No philosophy stuff about "making your bed and lying in it."
I'm talking about actually making your bed. Here is an example of how our asana practice can translate to "real life".
Ponder your posture before you start making a bed. The tendency might be to just bend over to tuck the sheets in between mattress and box spring. This can result in the posture (or one similar) illustrated on the left. Rounding the spine down and internally rotating the shoulder to tuck the sheets. This places the neck and back—your lower back specifically—in a potentially vulnerable position. It's happened to all of us, we just bend over and "tweak!", multiple curses ensue.
Instead, do a mini-squat (the beginning of Utkatasana—chair pose), as in the illustration on the right. Keep the spine in a neutral position (read: Tadasana—Mountain pose—spine), the load of lifting the mattress for tucking is transferred to your legs rather than your back musculature. Proceed to tuck away safely. This movement translates, with varying degrees of squatting to a myriad of other daily tasks: picking up a sock from the floor, putting the dog dish down, picking up a loaded laundry basket, etc.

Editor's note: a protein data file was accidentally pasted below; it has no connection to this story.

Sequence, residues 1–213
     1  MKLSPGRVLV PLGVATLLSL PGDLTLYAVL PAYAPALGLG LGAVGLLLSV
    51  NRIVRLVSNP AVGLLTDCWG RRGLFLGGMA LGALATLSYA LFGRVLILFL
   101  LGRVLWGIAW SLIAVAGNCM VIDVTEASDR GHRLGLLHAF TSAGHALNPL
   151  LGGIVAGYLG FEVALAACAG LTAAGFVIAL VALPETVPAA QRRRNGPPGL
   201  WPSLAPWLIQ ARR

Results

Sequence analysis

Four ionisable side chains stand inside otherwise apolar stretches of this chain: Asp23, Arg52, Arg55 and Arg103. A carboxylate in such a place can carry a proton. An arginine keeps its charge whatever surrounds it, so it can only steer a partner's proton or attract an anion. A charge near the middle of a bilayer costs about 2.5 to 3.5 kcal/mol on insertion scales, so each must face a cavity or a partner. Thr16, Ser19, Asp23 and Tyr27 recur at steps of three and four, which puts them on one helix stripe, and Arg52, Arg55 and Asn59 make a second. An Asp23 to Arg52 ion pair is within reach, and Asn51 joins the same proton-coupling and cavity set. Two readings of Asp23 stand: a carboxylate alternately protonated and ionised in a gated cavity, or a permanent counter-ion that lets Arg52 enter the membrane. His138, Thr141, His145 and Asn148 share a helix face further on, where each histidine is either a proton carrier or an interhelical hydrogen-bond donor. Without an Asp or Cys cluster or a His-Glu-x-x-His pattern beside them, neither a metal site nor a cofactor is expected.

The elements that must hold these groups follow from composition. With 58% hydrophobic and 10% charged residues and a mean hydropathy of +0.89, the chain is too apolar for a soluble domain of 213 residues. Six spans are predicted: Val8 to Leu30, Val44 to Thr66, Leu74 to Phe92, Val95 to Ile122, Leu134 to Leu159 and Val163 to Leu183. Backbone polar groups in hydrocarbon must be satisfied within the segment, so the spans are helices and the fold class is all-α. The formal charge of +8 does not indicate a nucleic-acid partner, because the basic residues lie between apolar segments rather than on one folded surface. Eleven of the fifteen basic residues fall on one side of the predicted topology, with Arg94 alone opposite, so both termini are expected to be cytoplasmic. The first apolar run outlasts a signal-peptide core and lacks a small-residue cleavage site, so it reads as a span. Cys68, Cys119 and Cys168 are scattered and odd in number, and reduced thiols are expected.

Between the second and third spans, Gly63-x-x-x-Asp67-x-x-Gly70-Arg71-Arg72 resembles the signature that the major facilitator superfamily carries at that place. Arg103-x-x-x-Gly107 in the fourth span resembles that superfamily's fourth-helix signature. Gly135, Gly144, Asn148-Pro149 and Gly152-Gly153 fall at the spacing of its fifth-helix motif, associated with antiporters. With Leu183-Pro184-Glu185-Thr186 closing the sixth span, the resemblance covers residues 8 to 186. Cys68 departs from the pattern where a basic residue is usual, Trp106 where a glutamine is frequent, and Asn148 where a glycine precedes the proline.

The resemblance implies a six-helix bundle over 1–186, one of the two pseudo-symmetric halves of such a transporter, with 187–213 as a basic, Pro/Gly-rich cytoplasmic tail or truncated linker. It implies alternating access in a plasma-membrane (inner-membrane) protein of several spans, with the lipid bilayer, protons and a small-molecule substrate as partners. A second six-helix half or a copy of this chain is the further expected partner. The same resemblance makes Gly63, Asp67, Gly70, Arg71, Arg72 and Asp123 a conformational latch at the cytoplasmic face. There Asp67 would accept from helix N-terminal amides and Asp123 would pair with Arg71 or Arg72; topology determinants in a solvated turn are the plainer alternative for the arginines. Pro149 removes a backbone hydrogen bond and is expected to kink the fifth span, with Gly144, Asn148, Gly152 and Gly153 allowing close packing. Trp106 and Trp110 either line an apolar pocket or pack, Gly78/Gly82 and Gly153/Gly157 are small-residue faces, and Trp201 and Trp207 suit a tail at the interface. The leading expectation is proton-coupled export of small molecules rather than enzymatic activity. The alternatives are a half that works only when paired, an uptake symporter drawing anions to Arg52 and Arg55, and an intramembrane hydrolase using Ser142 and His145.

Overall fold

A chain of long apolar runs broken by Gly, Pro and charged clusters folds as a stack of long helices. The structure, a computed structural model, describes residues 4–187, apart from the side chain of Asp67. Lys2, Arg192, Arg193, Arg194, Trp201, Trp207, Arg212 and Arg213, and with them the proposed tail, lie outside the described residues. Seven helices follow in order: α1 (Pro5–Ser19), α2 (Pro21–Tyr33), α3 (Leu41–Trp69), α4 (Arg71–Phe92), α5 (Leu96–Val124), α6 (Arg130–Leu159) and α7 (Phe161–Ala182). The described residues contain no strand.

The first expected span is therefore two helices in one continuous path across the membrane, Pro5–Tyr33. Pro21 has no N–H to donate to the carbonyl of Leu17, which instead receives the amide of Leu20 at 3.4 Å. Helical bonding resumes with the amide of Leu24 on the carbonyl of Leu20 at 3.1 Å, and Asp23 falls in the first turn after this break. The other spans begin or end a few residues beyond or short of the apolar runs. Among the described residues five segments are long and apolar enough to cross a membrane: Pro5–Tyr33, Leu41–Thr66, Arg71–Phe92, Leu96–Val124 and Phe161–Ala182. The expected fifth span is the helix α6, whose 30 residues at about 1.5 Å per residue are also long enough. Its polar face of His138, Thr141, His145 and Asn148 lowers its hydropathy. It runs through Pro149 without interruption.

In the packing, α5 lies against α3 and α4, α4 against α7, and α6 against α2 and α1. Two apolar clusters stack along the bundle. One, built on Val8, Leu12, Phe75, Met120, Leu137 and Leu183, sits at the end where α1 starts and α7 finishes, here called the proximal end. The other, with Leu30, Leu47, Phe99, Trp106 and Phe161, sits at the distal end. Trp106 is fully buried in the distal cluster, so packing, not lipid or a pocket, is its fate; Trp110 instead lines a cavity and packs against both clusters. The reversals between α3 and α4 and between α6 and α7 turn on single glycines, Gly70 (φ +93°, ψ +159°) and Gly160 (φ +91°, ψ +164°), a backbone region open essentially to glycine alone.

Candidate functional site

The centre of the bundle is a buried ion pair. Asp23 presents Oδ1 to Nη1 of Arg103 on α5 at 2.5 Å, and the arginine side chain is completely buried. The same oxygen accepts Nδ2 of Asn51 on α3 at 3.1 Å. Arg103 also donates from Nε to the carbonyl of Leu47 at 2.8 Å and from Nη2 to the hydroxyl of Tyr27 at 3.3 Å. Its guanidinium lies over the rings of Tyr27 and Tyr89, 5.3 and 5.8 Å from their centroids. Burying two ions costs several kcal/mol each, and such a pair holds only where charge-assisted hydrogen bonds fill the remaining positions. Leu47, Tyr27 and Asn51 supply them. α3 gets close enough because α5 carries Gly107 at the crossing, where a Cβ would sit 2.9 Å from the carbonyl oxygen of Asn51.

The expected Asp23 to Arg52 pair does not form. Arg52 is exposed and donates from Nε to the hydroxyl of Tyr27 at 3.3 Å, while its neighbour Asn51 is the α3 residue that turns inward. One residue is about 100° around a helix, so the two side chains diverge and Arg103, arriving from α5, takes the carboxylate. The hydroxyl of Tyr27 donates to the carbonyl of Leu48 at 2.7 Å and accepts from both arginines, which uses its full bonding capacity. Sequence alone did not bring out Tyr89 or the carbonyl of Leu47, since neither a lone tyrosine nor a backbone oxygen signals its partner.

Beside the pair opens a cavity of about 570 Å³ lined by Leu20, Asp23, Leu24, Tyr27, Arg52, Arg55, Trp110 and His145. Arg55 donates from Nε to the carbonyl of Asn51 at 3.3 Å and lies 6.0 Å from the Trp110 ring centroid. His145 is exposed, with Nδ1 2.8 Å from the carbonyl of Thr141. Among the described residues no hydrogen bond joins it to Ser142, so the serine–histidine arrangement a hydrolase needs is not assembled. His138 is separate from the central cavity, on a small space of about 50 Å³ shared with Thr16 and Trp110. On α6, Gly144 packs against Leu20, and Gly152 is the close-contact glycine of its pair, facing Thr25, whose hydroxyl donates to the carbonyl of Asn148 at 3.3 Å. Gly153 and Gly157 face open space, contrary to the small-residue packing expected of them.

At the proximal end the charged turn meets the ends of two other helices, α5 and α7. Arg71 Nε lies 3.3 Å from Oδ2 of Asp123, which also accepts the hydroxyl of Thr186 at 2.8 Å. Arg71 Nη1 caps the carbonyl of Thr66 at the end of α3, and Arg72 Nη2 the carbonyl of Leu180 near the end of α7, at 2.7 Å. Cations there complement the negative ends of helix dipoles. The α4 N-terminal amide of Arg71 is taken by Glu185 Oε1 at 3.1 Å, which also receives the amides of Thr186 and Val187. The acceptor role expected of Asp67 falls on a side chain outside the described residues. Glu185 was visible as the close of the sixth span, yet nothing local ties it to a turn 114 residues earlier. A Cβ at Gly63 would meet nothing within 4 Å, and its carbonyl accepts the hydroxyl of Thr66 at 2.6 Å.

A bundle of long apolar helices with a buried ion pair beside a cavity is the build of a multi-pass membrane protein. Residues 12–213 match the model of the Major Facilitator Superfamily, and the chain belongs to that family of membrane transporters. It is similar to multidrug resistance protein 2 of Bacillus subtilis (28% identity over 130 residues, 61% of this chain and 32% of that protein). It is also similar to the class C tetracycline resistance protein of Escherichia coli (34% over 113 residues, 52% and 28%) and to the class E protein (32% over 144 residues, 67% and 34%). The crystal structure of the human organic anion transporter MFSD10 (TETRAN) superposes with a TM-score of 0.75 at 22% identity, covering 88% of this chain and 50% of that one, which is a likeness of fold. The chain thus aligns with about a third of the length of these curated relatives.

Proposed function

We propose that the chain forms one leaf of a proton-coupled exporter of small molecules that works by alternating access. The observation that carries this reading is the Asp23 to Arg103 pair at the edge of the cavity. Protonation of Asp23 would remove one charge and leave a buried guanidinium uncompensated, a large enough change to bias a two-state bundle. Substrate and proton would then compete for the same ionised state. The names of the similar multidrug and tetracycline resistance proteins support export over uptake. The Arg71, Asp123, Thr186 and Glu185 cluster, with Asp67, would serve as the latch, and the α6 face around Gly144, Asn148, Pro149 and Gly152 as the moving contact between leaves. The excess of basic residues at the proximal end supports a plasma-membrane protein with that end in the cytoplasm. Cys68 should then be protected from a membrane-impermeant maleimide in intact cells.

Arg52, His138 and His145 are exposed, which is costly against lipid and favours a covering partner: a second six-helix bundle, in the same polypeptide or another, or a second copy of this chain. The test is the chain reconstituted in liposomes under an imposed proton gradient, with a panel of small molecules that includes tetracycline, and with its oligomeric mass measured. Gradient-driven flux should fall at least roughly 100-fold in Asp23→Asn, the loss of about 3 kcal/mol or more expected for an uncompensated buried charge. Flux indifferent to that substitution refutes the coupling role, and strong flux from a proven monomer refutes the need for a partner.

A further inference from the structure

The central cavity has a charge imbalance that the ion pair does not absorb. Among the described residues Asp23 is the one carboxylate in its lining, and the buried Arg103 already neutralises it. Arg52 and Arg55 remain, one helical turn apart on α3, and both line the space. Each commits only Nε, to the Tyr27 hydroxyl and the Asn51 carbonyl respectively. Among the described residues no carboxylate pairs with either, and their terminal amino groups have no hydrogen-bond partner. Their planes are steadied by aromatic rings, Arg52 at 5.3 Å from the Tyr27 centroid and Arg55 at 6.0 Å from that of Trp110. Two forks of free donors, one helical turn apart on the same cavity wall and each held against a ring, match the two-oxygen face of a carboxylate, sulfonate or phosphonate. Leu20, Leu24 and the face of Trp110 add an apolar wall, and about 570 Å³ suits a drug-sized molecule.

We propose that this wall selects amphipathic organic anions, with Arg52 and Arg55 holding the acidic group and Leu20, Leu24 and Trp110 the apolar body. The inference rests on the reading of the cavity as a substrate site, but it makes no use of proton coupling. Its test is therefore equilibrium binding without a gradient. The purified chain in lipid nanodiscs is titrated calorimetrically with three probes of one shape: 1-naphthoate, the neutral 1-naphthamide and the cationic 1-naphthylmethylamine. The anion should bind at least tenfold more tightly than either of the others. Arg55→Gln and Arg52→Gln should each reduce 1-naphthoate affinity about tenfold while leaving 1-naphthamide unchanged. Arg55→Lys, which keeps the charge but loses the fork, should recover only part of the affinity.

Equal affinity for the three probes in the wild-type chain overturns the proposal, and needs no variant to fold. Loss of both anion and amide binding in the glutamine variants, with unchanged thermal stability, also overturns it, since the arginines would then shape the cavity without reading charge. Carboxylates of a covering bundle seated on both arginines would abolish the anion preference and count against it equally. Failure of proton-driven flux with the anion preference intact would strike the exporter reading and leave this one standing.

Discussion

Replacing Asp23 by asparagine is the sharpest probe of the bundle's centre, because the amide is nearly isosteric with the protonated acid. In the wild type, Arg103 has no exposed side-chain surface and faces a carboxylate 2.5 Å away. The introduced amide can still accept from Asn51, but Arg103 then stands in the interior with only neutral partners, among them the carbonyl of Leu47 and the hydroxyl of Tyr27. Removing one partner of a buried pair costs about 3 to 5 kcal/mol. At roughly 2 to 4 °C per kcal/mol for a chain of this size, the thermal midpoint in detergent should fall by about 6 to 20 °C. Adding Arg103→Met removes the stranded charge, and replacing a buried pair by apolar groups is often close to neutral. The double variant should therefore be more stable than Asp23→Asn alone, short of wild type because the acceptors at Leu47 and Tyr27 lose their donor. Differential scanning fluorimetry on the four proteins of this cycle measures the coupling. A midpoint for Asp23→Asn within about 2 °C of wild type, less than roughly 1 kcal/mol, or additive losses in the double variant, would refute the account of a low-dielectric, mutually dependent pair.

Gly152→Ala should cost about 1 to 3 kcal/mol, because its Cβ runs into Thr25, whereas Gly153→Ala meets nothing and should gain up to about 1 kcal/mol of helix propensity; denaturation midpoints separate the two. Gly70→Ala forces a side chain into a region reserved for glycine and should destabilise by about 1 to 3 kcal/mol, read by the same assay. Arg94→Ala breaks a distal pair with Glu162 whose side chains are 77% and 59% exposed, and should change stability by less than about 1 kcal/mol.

Of course, the big thing here is what? Yes, awareness. Just as in the practice, be aware. Focus on your posture BEFORE you move, just as you would in yoga class. Slow it down, think about the movement before you do it, then put yourself into the optimal and safest position to complete the task. I guarantee that you can apply something postural from the yoga practice into mosts physical things, every day. Play with it!